There is no sense in lying to someone who can read your thought bubble. And to expand the truth telling, I have to admit that I have not done one bit of equestrian related stretching since I began taking riding lessons.  At least I have a deep database for comparison when I do start stretching like I should.

Krystal mentally prepares for her new challenge

In any case, we had a good lesson in the indoor arena. I had my new riding trousers after all. And Karin’s half chaps.  What a difference! I did my up-downing attempts at posting pain free – except for the saddle slams. And nothing can be done about those except doing it right.  Besides, as Karin likes to remind me, “It’s not exactly comfortable for the horse, either, Bob.”

I have to control the down part so that I’m just touching the saddle before going back up again. Karin – and the horse – frown upon any manner of flop, slap or slam.

“I don’t want to hear anything when you make contact with the saddle.”

Now, my natural inclination at this point would be to suggest that Karin use some adaptive equipment of her own, such as earplugs. But I didn’t even dare think it due to the thought bubble issue.

“Just get with her rhythm, Bob.”

We kept trying over and over again until everyone was out of breath and ideas. It was quite a workout, I can tell you. But I think we made some good progress.

At the end of the lesson, Karin let me take Krystal around the arena at the walk to cool down. This was actually my favorite part of the lesson. No exertion, no flopping, no goals, just the horse and me, very much relaxed and content. And finally in sync.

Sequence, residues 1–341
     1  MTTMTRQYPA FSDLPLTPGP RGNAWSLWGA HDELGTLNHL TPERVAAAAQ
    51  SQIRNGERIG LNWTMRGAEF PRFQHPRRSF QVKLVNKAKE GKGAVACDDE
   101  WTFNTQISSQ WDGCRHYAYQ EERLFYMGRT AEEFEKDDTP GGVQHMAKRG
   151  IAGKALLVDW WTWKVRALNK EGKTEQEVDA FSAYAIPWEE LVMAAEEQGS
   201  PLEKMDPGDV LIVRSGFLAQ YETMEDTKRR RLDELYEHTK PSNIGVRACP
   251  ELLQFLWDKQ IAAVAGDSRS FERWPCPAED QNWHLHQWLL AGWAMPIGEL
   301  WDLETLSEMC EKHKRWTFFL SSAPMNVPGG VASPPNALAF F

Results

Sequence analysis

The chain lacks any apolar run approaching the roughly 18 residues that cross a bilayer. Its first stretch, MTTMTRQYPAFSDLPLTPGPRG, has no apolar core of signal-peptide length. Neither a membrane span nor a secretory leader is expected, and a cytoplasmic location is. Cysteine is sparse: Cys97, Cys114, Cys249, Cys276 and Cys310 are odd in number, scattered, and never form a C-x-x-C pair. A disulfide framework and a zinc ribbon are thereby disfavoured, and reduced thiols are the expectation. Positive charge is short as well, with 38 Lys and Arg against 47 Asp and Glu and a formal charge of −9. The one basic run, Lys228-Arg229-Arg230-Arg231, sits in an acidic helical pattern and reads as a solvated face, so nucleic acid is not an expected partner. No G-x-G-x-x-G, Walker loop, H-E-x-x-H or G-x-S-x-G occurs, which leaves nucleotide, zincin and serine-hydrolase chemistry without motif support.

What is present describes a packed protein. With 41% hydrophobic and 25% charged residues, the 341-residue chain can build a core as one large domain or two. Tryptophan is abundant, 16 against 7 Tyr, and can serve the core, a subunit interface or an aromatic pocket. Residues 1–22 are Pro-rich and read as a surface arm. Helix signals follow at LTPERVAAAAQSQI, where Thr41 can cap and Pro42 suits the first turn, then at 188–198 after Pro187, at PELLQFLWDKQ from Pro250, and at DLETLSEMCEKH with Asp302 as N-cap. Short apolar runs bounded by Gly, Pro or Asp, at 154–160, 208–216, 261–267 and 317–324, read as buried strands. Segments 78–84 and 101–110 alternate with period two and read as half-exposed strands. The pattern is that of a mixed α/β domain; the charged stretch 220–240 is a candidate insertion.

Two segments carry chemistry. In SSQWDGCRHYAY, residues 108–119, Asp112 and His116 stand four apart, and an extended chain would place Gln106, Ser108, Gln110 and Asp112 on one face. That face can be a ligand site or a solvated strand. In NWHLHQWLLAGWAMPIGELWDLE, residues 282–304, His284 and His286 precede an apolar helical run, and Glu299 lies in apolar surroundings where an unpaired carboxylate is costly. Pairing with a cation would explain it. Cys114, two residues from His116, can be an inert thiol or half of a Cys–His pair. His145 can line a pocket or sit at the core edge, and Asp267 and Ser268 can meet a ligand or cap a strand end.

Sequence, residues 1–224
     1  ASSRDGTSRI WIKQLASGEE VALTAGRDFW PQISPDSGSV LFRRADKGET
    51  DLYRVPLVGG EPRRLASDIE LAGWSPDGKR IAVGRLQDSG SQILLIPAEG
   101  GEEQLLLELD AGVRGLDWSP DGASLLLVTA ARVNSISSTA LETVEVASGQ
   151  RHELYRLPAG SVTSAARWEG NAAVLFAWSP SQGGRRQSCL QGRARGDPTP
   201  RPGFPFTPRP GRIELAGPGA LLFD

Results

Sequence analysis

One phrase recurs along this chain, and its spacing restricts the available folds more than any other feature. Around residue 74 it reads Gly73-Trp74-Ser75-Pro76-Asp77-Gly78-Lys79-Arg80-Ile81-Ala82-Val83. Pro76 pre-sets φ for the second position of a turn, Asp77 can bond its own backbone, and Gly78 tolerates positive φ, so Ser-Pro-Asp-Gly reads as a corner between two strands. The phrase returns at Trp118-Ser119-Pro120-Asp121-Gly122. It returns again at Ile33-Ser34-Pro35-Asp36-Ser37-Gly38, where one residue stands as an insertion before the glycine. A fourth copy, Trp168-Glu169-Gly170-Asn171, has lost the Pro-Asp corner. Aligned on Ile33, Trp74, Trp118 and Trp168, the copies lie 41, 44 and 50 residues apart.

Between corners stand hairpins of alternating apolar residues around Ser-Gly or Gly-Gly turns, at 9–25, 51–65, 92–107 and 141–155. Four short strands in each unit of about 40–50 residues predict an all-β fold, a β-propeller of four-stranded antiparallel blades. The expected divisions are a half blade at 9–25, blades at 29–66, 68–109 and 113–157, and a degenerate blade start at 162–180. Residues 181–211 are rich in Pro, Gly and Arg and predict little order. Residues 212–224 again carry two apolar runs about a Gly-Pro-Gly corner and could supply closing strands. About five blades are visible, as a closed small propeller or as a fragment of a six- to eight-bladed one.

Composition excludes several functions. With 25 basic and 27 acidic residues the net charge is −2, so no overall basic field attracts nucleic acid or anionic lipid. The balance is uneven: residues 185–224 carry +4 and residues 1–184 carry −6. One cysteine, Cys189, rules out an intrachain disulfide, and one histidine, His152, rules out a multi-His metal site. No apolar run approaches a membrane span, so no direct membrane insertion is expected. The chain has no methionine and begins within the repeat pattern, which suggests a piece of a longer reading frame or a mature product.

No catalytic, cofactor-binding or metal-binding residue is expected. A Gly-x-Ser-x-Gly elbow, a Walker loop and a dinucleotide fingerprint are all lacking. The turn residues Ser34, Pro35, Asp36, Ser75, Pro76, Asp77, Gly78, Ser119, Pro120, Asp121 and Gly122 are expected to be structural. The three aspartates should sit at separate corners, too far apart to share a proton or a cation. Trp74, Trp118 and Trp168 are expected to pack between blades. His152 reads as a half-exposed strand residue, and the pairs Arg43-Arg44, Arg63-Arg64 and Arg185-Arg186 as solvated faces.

In Sync


Another Issue

I was warned. When I first started my lessons, people said this could happen. I got some good advice and I ignored it. Hah, I said. It won’t be that bad.

My good friend Lauren Baker said to take ibuprofen and do some stretching before my lessons and then have beer afterward. I followed some of that. I like how she says “beer” without the “a” in front of it.

When I rode Caspian for the first time, I felt it a little. Riding the big Percheron is like riding on the roof of a school bus.  But it was tolerable and I functioned normally afterward. So my “Hah, It Won’t Be That Bad” approach seemed to work.

But now that Karin is teaching me to post, things have gotten serious. This has become more like an athletic event and I am sore and stiff in places that I don’t know the names of.

To me, the real mystery is the timing of the stiffness and soreness. I’m never sore right after riding. I take my lessons in the morning and then off to work I go, smelling like Karin’s horses, but walking normally. At least it seems normal to me.

And I’m never sore the day after a lesson. I don’t know why, but it always hits the day after the day after.  Then it sticks around for several days.

I do okay, mind you. I can still ride a bike, but sometimes mounting takes multiple attempts. My right leg doesn’t always cooperate enough to clear the seat and I find myself doing that one-legged backwards hop, dragging the poor bike with me as I attempt to reestablish my balance.  And as I limp around the workplace, moaning and groaning, I just hope it gets lost in all the moans and groans of whatever happens to be wrong with everybody else.

Right now what I need is some good advice on pre-riding stretching exercises.  This time, I promise to listen. The less ambitious of my usual advisors just tell me to “go on-line”.  I don’t want to go on-line. I get lost on-line, wandering to and fro across Cyberworld, so easily distracted. I fear that I will end up like the young lady in the car commercial who “really got aggressive” with her mountain biking parents regarding Facebook and having attained 614 friends/fellow inmates, declares: “This is living.”

I have a book (that’s ink and paper together) that suggests some exercises. I would like to share these with you next time. Meanwhile, I think it would be fun to hear how all of you deal with this issue.